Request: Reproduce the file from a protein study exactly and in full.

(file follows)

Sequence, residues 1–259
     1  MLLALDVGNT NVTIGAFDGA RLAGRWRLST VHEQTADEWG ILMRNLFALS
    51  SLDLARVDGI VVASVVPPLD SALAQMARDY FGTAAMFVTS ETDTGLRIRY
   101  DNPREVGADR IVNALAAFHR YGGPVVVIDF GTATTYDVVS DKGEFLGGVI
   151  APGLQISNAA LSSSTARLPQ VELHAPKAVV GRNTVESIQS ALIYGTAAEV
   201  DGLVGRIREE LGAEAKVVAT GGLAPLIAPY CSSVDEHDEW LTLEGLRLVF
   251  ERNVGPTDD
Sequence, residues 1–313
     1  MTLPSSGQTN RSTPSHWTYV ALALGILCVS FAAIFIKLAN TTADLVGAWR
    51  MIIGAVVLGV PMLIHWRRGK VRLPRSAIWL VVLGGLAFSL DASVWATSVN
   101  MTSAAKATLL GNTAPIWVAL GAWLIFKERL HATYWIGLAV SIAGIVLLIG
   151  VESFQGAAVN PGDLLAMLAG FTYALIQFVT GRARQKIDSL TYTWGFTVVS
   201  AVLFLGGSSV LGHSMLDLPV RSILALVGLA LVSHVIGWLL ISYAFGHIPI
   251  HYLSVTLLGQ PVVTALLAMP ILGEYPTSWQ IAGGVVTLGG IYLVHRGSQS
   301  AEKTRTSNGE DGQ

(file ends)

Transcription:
Sequence, residues 1–259
     1  MLLALDVGNT NVTIGAFDGA RLAGRWRLST VHEQTADEWG ILMRNLFALS
    51  SLDLARVDGI VVASVVPPLD SALAQMARDY FGTAAMFVTS ETDTGLRIRY
   101  DNPREVGADR IVNALAAFHR YGGPVVVIDF GTATTYDVVS DKGEFLGGVI
   151  APGLQISNAA LSSSTARLPQ VELHAPKAVV GRNTVESIQS ALIYGTAAEV
   201  DGLVGRIREE LGAEAKVVAT GGLAPLIAPY CSSVDEHDEW LTLEGLRLVF
   251  ERNVGPTDD
Sequence, residues 1–313
     1  MTLPSSGQTN RSTPSHWTYV ALALGILCVS FAAIFIKLAN TTADLVGAWR
    51  MIIGAVVLGV PMLIHWRRGK VRLPRSAIWL VVLGGLAFSL DASVWATSVN
   101  MTSAAKATLL GNTAPIWVAL GAWLIFKERL HATYWIGLAV SIAGIVLLIG
   151  VESFQGAAVN PGDLLAMLAG FTYALIQFVT GRARQKIDSL TYTWGFTVVS
   201  AVLFLGGSSV LGHSMLDLPV RSILALVGLA LVSHVIGWLL ISYAFGHIPI
   251  HYLSVTLLGQ PVVTALLAMP ILGEYPTSWQ IAGGVVTLGG IYLVHRGSQS
   301  AEKTRTSNGE DGQ